Luke’s Gospel, which was the third one written (circa 80-90 C.E.), is the only Gospel to mention that Mary was possessed by demons, so it is hard to tell whether or not Mary was known for being demonically possessed in the time of the earlier accounts of Mark and Matthew (Note: Mark 16:9 also mentions that Mary was possessed by seven demons; however, Mark 16:9-20 is a later addition to Mark and not in the original manuscripts), or if it is a later addition to the story. Regardless, Mary was certainly not a prostitute and was certainly a close follower of Jesus as she is mentioned as such multiple times throughout all four Gospels.

With that said, being a follower does not necessarily make one a disciple. Disciples were students, and thus as Jesus students the disciples had greater access to the Jesus than the mere follower did. They learned from him, they aided him in his ministry and they were given an inside look at his parables and at Jesus’ messianic plan. While the Gospels do not explicitly name Mary as a disciple of Jesus’ in the formal sense, they do show her being among the women following Jesus. Not only that, but she and the other women were supporting Jesus’ ministry with their resources (Luke 8:3). What’s more, it is to Mary Magdalene and the other women, that Jesus reveals himself to immediately following his resurrection. It is Mary and the other women who first get the command to go and tell others of the Good News (aka Gospel) of Jesus’ resurrection.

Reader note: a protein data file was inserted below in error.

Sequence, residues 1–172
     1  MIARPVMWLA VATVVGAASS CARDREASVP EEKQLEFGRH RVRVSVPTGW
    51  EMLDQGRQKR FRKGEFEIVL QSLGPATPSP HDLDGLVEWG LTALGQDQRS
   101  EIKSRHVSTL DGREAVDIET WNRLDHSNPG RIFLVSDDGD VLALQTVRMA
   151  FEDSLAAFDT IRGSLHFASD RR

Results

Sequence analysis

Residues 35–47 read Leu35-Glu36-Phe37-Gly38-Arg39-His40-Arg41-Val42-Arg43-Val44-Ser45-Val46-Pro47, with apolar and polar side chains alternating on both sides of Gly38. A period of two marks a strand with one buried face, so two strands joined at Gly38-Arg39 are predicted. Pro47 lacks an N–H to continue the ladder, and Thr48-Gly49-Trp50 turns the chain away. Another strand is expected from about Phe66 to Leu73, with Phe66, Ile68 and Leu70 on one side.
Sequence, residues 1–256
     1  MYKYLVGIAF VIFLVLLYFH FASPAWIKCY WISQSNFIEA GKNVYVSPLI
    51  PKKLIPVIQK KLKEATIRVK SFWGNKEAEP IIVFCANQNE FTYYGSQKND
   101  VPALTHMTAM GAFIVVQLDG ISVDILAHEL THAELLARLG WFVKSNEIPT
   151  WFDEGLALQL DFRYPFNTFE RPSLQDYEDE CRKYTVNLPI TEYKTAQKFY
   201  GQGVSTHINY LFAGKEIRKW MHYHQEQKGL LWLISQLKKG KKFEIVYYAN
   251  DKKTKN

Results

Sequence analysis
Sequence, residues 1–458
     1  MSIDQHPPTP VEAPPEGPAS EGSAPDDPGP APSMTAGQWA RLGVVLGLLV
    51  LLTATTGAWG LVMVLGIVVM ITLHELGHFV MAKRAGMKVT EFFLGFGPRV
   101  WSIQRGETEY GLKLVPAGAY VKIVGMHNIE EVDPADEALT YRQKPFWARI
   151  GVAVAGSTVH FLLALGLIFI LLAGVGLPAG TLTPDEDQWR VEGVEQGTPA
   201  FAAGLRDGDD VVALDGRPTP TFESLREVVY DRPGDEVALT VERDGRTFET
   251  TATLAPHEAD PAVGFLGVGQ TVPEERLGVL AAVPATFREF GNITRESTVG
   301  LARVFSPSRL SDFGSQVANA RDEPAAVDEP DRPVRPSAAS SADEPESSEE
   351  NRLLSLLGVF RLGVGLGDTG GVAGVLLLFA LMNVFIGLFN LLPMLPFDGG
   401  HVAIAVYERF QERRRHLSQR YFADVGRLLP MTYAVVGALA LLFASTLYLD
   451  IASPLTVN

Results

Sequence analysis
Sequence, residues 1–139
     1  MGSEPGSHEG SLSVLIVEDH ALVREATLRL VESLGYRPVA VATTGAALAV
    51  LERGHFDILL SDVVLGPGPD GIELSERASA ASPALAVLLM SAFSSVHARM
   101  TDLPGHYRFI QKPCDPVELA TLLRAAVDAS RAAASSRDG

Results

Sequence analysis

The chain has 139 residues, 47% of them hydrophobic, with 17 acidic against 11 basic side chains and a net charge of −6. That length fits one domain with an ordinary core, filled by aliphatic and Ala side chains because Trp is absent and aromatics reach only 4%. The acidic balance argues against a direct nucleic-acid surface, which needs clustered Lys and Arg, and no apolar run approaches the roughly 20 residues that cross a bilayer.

Again, while the Gospels may not explicitly call Mary a disciple, I feel there is little doubt she was. The Gospels, ALL FOUR OF THEM, have Mary being the first witness of the risen Christ and the first one to spread the Good News to the rest of the disciples. If Mary, in a time when women were considered little more than property, can be considered a disciple of Christ, who can’t be? That is, indeed, the GOOD NEWS! Jesus Christ has risen and ALL are called to be in on what he’s about to do next! ALL are called to be a part of his messianic plan of redeeming the world and returning it back to a paradise where all creation lives in love and peace! Are you ready for what God is going to do? Be like Mary and respond to that call!

THOUGHT OF THE DAY
“It is only because he became like us that we can become like him.” – Dietrich Bonhoeffer

PRAYER
Lord, I wish to be your disciple. Teach me all that I need to do your work in this world. I give to you my time, my presence, my treasures, and my all. Amen.